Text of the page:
For our second collection, we reached out to visual artist and graphic designer Kim Van Vuuren to collaborate with us. As one of two South African creators we have chosen to work with on our Building Connections collection, Kim’s simple yet dramatic forms evoke a sense of wonder for the viewer. We speak to her about her piece for FIELDS, the starting point for her creative process and why more than ever, she is proud of where she comes from.
How did the collaboration with FIELDS come about?
FIELDS reached out to me last year and after listening to the founder, Mikael, speak about the brand and its core philosophy, which not only highlights the quality materials used, but also speaks of each artist's collaboration item being a collector's piece - it was almost impossible to turn down. I enjoy collaborating with people who have a unique story to tell, especially when it involves empowering local craftsmanship. I mean, even the customer shopping bags are made from waste fabric, and sewn together by women in rural establishments in Cape Town.
What were the things to consider when creating for a garment that’s to be worn, as opposed to any of the more “traditional” surfaces?
Well there were many aspects to consider, colour being the most important for me. I normally work with an unlimited palette so it was an interesting exercise for me to be selective and ensure that the final artwork upholds my aesthetic as well as meeting the creative brief. In the end I was really happy with the result, I used three colours to convey a surreal zen space. And the fourth colour (being the fabric) completes the image, filling in the pool and giving life to the illustration.
Take us through the process of creating this particular piece?
For me design is a development of many ideas. I research a lot before I start sketching out compositions. And when it is a collaboration I try to focus my point of view on the needs, goals and purpose of the design. I like to try out as many ideas as I can in a project like this - it's sort of like a ping pong between different influencing factors from everyday life. Normally I will work on several designs until I feel that they are ready for the world and that they fit into the concept well enough. Once I was happy with my designs I presented Mikael with quite a few different options. I find that sharing more than one idea can be very valuable, and involving the client in the process can lead to new ideas and final solutions. We made our final palette selection together and I couldn't be happier with the outcome.
How did you interpret the fundamental message of the collection, Building Connections?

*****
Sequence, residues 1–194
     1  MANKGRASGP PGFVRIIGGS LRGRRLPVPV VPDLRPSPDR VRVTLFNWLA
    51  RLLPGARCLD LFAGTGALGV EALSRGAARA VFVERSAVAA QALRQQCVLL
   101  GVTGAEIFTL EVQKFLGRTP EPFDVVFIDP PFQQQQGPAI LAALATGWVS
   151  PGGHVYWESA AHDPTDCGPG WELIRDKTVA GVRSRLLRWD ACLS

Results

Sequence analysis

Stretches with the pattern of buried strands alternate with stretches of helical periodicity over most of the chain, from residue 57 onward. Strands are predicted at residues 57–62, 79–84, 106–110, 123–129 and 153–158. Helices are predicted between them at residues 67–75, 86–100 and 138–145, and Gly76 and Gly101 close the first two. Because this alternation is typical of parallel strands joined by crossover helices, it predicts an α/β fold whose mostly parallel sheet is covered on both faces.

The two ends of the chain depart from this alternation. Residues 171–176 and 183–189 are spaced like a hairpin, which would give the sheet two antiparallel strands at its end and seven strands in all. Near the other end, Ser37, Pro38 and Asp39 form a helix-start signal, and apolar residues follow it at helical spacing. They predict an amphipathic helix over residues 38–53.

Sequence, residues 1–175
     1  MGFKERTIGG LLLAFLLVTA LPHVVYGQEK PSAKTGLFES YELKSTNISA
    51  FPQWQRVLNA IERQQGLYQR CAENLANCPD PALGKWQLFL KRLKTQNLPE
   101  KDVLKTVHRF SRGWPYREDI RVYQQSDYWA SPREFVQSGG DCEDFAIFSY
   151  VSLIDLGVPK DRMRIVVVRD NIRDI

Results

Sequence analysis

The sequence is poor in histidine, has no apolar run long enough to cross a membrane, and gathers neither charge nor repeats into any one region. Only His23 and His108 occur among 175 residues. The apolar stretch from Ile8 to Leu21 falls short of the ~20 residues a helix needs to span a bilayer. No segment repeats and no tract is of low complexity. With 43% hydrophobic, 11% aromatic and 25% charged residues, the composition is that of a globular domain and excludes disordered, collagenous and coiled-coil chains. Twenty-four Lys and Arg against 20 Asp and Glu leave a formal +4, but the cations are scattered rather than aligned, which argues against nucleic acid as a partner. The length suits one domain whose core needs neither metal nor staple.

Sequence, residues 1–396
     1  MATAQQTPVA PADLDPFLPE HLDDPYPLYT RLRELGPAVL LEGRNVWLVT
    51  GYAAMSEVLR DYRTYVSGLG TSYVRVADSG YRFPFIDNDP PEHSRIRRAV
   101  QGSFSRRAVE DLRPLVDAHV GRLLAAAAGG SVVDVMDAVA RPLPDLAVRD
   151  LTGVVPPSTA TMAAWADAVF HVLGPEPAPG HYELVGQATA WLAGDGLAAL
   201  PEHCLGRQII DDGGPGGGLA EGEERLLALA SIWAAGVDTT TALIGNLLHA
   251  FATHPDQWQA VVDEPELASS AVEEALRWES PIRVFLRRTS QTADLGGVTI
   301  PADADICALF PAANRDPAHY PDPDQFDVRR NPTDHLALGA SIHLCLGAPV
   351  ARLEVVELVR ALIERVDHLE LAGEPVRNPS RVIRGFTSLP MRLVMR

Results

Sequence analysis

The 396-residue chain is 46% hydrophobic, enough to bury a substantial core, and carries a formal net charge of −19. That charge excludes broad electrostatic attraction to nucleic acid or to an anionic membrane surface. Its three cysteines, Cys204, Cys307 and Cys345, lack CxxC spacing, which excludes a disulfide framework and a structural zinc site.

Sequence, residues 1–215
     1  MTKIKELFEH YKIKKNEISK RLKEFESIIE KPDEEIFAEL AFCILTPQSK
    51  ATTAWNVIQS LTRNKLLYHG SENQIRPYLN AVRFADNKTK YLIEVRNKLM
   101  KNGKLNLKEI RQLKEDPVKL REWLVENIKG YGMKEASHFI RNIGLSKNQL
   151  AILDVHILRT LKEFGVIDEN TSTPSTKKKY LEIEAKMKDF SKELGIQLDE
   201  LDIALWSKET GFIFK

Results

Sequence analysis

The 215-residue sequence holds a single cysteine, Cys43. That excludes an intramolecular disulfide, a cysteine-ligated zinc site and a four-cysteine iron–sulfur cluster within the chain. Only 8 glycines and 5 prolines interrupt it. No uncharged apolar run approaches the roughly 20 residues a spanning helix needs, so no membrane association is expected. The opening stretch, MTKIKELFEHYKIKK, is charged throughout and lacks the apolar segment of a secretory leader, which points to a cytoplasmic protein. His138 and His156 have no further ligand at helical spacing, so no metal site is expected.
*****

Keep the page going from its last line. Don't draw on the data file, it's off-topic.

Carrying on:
Well, I draw inspiration from nature and dream spaces where silence and strength exist in symmetry. The collection speaks of building connection with oneself, one’s surroundings and the people who influence such a space. I wanted to give the wearer of the jersey or jacket access to a surreal, yet natural world. I like to think that this piece also offers a refreshing sense of relief from the issues we are currently facing as humankind collectively. Hopefully, it starts a conversation about where fashion comes from, where it is heading and how we can all assist in changing the dialogue that exists within the fashion industry. I believe that the fashion industry can no longer ignore the impact it has on our environments and the climate. Working with FIELDS highlighted such thoughts for me as a designer.
What do you hope the wearer feels when putting your work on their body?
I want the wearer to be comfortable but showing their unique sides by being off-centre and unconventional. I'm actually really interested to see how the individual buying a piece is going to style it and interpret it with what they already have at home. I love the idea that one item can lend power to the things you already own. It's important to limit our buying and rather recycle what we have and give a tired wardrobe a new life with an interesting fashion item. I believe that now is a time to be more conscious of our fashion indulgences.
The idea of fashion being “wearable art” has long been debated, what are your thoughts about it?
While I’m not a fashion expert, I’ve always believed fashion to be a form of art to portray individuality and character. That’s why as an artist, and through this collaboration with FIELDS, we took parts of the gallery off of the walls and into the public to be consumed and enjoyed by everyone.
You live abroad, is it important to you, and how do you ensure you and your work remain connected to South Africa?
Now, more than ever, I'm very proud of where I come from. It will always be important for me to keep building connections in South Africa. Ideally, I would love for half (or even more) of my clients to be South African. Currently, I continue to sell my work in Cape Town and Johannesburg through stores and private commissions. This collaboration with FIELDS is perfect for me because it showcases my work as wearable art. It tells a story of where I'm from, my experiences and also communicates a deeper message as to what I hope to achieve in my industry.
When investing in a piece of clothing, what is important to you?
If I decide to invest in any item of clothing it will be a printed shirt by an artist or illustrator whom I admire. Lately I've been creating t-shirts with a company in the UK. They practice sustainability, have a zero waste policy and all profits go to the artists. Other than that, if I'm investing in a winter jacket/coat, I’ll look for something locally produced, always reversible, and preferably in collaboration with an artist.